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    This Top Psychiatrist Says Anti-Gay Politicians Can Contribute To The Suicides Of LGBT People

    After a mental health charity suspended a board member for saying the DUP's “homophobia" was "killing kids”, a leading psychiatrist has told BuzzFeed News there is a link between discrimination and suicide.

    Politicians’ anti-gay policies and homophobic speech can play a role in the suicides of LGBT people, according to one of the world’s leading psychiatrists.

    Professor Dinesh Bhugra's remarks follow the decision last week of Belfast-based suicide prevention charity Lighthouse to suspend a board member for tweeting that the Democratic Unionist Party's opposition to equal rights leads to suicides.

    Bhugra, a former president of both the Royal College of Psychiatrists and the World Psychiatric Association, told BuzzFeed News that discrimination on the grounds of sexual orientation “can contribute to suicide, suicidal ideation and self-harm”.

    There is, said Bhugra, “a very clear link between policy, social factors and psychiatric problems in LGBT groups” with one of the three main causes of suicide being the social environment in which lesbian, gay, bisexual, and transgender people live.

    “Social causation [of suicide] is well linked with the state of the society and how people feel they fit in – or don’t,” he said. “If there is no equity and one group is seen as inferior then it is inevitable that there will be problems in self-image and self-esteem and that may contribute to the feeling of worthlessness.”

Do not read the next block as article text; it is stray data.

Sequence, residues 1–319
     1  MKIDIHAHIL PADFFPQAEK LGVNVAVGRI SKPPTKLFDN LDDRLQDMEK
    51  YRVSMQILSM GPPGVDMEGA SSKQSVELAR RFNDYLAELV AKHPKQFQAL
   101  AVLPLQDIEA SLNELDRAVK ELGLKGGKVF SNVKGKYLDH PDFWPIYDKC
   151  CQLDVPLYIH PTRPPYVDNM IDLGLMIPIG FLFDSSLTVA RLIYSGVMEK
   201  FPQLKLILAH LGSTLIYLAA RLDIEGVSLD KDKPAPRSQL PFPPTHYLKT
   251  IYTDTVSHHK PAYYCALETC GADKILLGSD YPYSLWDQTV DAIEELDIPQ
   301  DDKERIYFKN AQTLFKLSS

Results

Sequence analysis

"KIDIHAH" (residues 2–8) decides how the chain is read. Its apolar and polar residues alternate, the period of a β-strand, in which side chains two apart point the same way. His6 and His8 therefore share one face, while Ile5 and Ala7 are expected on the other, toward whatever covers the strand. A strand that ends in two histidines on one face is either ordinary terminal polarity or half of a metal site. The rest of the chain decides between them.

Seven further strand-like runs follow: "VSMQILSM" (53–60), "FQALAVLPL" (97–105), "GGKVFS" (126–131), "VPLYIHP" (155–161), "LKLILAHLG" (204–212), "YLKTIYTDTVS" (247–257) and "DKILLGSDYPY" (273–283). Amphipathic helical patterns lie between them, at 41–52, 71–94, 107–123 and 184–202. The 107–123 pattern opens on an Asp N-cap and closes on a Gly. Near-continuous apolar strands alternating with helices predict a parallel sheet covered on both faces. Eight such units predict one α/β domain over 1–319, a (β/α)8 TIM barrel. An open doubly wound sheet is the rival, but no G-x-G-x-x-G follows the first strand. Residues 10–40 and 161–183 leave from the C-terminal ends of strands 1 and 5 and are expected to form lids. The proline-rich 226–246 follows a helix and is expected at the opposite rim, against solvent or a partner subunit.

This feeling of low self-esteem is a key factor in many suicides, said Bhugra, who characterised the internal thought process as, “If I don’t feel valued by the society – who’s going to miss me? – I might as well die.”

    Bhugra, who also takes up presidency of the British Medical Association this summer, spoke out after Lighthouse mounted an investigation into Malachai O’Hara, a trustee, for tweeting that the DUP’s “homophobia is killing kids across the country”. Northern Ireland has the highest suicide rate in the UK.

    O’Hara also mentioned in his tweet newly appointed DUP councillor Dale Pankhurst, who in turn made a complaint to Lighthouse, prompting the investigation. Pankhurst told a local newspaper he “doesn’t have a homophobic bone” in his body and “knows many people who are gay”. Lighthouse said O’Hara’s views do not “reflect or represent” the charity.

    But according to Bhugra, whether or not politicians consider themselves to be homophobic is immaterial if they support policies that deny LGBT people equality.

    “There is very clear evidence that common mental health disorders like anxiety and depression are higher in LGBT groups,” he said, “and there was a study in the States where they showed that if you go for equality and change the [anti-gay- laws] the rates of common disorders start to drop among the LGBT population. So it indicates that there are social causes at play which can cause psychiatric distress which can then lead to suicide.”

    As such, he added, politicians must consider the rhetoric and policies they promote. “If you are not homophobic then you should be fighting for equality for everyone. You can’t say, ‘I’m not homophobic’ but somehow they should be treated differently.” Those who deny any link between their opposition to LGBT rights and the worsened mental health of this community are, he said, “not connecting the dots”.